2. The songs are most certainly not “unremarkable”. The score was composed by John Barry, the same great talent – one of the world’s major film composers of the 1960s and 70s – who wrote the film scores for THE LION IN WINTER (Academy Award for music), BORN FREE (Academy Award for music), DANCES WITH WOLVES, MARY QUEEN OF SCOTS, and all the major James Bond themes including Goldfinger and Thunderball. One esteemed and highly respected music critic (Films And Filming – Page Cook) cited the three principle melodies of Barry’s ALICE score as being among the most beautiful songs ever written – inside or out of a film score! You are certainly entitled to not like Barry’s score, but be aware that your negative opinion in no way diminishes the magnificence of the music and Barry’s evident genius.

    • I am an avid collector of film scores and am very familiar with Barry’s work. He is a marvelous talent. His work on the Bond series is especially great. It set the tone for the whole series and I love that composer David Arnold is a student of Barry and has modeled his work on the recent Bond films after Barry’s style on the classic entries in the series.

      But, as far as this film goes, the songs just didn’t do anything for me. Sorry…thanks for you comments, though.

      • Dear squonk – no “sorry” about it, and for multiple reasons: 1) It’s your forum and you can yea or nay as you please. 2) You posted my contrary expression which indicates you are someone who warrants respect. 3) You’re gonna love this one – if we go back in time over 30 years to my old room/apartment we would find a much younger John Bender evaluating his LP collection and we would discover that he, just like you now, did not hold ALICE in especially high regard! It is a quirky score and not one easily adopted as a favorite by Bond/Barry fans, but if viewed in the right light it can become apparent (perhaps surprisingly) just how deeply engaged John was by Lewis Carroll’s madcap dream-scape. In time I came to see, as did Page Cook, that Barry fell in love with the highly unusual material and graced the film with some of his most peculiar, but beautiful writing. Oh, and thank you for bothering to give this nearly lost film and under appreciated score space and attention on your blog. I have heard that Barry’s master tapes were destroyed (only the LP tracks survive), and that no pristine print of the film is known to still exist. PS: What is your favorite Barry/Bond score?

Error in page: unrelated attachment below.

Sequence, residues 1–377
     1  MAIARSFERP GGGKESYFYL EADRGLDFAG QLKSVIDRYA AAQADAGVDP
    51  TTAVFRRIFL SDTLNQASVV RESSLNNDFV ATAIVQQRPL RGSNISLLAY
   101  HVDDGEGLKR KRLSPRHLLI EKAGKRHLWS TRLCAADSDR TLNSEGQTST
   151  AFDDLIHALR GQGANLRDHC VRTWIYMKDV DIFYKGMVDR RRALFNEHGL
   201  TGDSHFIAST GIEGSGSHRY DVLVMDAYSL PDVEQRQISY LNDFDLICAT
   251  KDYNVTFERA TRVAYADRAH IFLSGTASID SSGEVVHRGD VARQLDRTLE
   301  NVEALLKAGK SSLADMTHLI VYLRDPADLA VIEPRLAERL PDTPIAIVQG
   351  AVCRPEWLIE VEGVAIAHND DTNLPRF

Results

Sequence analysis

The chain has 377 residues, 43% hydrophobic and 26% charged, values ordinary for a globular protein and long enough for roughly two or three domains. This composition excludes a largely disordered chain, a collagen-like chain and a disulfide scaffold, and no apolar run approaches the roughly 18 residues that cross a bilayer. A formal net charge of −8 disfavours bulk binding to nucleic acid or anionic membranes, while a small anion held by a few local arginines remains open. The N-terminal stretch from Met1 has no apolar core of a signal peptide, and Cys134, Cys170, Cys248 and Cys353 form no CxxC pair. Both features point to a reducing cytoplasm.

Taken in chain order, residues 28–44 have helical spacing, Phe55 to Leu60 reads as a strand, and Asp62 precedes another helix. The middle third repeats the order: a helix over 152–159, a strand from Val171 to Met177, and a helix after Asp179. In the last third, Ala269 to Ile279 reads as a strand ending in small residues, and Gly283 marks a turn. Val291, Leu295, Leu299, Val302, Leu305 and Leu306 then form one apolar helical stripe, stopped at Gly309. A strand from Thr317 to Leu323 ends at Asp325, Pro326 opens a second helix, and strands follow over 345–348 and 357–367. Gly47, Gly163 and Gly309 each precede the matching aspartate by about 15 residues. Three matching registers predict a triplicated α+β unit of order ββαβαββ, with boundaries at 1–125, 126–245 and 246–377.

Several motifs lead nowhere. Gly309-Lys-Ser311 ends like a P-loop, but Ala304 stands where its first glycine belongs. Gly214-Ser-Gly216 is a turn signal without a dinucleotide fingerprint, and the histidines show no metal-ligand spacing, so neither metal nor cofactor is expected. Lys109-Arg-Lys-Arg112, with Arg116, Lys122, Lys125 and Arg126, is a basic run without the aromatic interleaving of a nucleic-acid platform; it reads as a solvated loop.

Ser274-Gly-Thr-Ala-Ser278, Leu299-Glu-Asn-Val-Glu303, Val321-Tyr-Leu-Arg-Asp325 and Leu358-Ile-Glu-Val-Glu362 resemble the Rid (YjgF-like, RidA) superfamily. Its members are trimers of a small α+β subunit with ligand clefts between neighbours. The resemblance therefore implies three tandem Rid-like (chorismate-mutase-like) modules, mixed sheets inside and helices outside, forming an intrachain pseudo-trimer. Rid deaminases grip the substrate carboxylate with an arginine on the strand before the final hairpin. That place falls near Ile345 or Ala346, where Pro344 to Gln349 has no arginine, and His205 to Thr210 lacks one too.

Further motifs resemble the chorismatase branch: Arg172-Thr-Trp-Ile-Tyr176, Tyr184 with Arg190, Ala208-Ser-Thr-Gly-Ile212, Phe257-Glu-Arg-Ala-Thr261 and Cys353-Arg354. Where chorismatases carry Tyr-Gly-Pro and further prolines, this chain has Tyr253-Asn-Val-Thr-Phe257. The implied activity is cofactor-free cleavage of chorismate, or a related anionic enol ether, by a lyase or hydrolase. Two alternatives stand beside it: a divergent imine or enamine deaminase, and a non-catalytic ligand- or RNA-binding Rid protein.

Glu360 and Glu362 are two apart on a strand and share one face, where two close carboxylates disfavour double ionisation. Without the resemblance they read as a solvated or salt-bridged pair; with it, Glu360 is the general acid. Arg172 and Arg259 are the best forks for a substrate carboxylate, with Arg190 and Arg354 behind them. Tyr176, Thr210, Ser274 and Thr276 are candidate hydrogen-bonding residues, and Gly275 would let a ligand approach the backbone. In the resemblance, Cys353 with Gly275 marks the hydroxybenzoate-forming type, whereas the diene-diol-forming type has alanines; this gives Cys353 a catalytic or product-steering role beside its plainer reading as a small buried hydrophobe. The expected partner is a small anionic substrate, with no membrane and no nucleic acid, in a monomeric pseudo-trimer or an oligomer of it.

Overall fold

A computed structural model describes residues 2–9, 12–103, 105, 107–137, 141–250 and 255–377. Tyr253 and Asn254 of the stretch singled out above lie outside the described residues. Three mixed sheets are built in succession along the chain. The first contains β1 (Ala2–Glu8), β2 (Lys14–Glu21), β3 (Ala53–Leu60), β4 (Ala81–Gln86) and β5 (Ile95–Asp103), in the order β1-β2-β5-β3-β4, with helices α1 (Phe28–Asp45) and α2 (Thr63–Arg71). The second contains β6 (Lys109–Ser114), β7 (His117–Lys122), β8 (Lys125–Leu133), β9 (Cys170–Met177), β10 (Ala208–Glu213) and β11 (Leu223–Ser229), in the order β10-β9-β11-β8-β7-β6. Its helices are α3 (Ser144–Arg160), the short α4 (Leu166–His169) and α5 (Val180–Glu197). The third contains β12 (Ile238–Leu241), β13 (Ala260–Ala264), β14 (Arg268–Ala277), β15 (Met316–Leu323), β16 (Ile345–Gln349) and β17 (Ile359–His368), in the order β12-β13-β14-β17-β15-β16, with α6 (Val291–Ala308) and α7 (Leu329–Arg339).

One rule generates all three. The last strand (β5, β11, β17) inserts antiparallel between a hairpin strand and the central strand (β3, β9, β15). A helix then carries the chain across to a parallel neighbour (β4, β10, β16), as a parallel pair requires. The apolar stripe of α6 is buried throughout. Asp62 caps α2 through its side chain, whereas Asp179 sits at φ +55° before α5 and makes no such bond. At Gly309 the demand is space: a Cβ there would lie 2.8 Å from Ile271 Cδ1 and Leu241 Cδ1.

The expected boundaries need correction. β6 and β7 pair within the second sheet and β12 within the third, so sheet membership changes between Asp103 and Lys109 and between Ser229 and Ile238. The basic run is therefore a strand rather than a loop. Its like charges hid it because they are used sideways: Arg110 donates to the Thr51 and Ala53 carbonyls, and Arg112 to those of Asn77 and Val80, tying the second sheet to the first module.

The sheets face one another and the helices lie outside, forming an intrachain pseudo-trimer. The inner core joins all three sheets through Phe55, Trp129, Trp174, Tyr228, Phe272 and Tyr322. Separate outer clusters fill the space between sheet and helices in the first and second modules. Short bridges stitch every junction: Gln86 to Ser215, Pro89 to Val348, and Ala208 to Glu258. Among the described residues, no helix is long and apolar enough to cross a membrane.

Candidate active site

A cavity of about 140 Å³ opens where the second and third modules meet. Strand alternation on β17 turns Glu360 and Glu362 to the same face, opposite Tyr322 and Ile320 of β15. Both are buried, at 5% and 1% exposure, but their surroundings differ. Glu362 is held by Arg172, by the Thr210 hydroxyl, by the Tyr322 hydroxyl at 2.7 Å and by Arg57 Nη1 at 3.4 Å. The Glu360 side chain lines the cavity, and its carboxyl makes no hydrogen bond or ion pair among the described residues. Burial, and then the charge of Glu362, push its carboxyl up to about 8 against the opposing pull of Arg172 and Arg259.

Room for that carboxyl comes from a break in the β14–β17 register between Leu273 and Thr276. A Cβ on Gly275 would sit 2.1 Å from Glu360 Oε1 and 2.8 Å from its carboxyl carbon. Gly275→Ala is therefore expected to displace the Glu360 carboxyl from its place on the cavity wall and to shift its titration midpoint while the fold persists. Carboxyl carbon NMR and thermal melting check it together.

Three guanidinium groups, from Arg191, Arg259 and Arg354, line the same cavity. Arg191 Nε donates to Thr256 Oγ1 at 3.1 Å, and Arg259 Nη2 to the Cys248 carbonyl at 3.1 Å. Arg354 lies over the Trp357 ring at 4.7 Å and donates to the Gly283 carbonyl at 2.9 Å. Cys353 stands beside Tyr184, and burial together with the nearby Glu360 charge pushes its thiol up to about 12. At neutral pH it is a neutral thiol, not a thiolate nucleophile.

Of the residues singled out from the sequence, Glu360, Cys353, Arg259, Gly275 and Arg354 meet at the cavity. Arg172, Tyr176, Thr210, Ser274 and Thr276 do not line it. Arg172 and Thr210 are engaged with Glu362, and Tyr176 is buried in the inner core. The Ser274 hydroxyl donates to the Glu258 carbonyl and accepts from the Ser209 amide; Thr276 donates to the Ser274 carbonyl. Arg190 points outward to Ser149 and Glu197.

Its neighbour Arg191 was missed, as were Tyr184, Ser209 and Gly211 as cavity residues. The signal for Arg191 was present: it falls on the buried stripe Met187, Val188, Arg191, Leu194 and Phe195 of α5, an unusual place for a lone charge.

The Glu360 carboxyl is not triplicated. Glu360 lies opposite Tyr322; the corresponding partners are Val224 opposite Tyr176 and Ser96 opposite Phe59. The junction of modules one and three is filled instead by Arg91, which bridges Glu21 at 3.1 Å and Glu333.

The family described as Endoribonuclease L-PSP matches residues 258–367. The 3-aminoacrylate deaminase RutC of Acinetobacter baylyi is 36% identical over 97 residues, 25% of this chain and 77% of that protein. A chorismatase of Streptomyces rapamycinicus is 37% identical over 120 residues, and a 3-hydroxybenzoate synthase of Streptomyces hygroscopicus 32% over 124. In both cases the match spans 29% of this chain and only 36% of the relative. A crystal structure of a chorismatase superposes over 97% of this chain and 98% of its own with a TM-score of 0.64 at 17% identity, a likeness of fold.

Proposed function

3. Yikes…not sure I can precisely nail down my fav of the Barry Bond scores. I am waaaaay overdue for my revisiting of the films themselves…but deep in my gut, something’s telling me that the answer to that question may be “Thunderball.” I reserve the right to change that though as something new and different tends to grab me each time I watch the Bond films.

    • Good answer! The two most common (and understandably so) selections by fans for fave Barry/Bond score are THUNDERBALL or ON HER MAJESTY’S SECRET SERVICE. They are both masterworks by a genius at the peak of his game. My favorite ultimately became DIAMONDS ARE FOREVER. I think I may be in a minority with this, but I do find some solace in the fact that Lukas Kendall of Film Score Monthly feels the same way. Not my favorite Bond film though, not by a long shot. However the scene where Bond is climbing around on the side of the Whyte House always scares the crap out of me, and I adore the perfectly self-effacing humor of Bond ending up on Willard Whyte’s toilet!

      • I’ve always had a soft spot for “Diamonds are Forever.” For that matter, I would rank several of the Guy Hamilton directed Bonds as favorites. “Goldfinger,” “Diamonds are Forever,” and…I know I’m in the minority on this…but I love “Live and Let Die.” It’s just so, shall we say “quirky,” compared to many of the others. A unique way to introduce the new Bond, Roger Moore. Sadly, not scored by Barry, though.